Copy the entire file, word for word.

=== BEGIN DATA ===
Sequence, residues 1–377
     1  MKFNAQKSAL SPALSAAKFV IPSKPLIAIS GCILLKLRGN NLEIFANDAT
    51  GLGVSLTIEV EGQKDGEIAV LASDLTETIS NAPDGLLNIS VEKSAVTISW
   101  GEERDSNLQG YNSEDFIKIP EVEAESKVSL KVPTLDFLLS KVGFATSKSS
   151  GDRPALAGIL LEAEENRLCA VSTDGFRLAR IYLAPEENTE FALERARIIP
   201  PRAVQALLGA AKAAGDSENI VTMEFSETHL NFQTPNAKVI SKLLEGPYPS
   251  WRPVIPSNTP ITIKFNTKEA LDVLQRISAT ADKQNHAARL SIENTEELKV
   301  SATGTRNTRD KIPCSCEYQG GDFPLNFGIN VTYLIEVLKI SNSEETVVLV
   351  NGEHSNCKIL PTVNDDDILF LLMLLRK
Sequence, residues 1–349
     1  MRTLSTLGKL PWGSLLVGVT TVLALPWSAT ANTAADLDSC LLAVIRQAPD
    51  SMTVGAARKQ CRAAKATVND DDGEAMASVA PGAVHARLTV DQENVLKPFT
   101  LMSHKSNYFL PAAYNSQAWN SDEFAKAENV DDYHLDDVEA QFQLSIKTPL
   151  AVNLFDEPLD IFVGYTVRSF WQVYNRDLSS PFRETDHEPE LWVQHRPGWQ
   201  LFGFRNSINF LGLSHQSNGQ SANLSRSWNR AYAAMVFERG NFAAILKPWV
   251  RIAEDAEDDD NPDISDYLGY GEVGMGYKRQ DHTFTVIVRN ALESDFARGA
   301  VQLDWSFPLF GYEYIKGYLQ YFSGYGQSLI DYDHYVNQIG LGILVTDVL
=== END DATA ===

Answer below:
Sequence, residues 1–377
     1  MKFNAQKSAL SPALSAAKFV IPSKPLIAIS GCILLKLRGN NLEIFANDAT
    51  GLGVSLTIEV EGQKDGEIAV LASDLTETIS NAPDGLLNIS VEKSAVTISW
   101  GEERDSNLQG YNSEDFIKIP EVEAESKVSL KVPTLDFLLS KVGFATSKSS
   151  GDRPALAGIL LEAEENRLCA VSTDGFRLAR IYLAPEENTE FALERARIIP
   201  PRAVQALLGA AKAAGDSENI VTMEFSETHL NFQTPNAKVI SKLLEGPYPS
   251  WRPVIPSNTP ITIKFNTKEA LDVLQRISAT ADKQNHAARL SIENTEELKV
   301  SATGTRNTRD KIPCSCEYQG GDFPLNFGIN VTYLIEVLKI SNSEETVVLV
   351  NGEHSNCKIL PTVNDDDILF LLMLLRK
Sequence, residues 1–349
     1  MRTLSTLGKL PWGSLLVGVT TVLALPWSAT ANTAADLDSC LLAVIRQAPD
    51  SMTVGAARKQ CRAAKATVND DDGEAMASVA PGAVHARLTV DQENVLKPFT
   101  LMSHKSNYFL PAAYNSQAWN SDEFAKAENV DDYHLDDVEA QFQLSIKTPL
   151  AVNLFDEPLD IFVGYTVRSF WQVYNRDLSS PFRETDHEPE LWVQHRPGWQ
   201  LFGFRNSINF LGLSHQSNGQ SANLSRSWNR AYAAMVFERG NFAAILKPWV
   251  RIAEDAEDDD NPDISDYLGY GEVGMGYKRQ DHTFTVIVRN ALESDFARGA
   301  VQLDWSFPLF GYEYIKGYLQ YFSGYGQSLI DYDHYVNQIG LGILVTDVL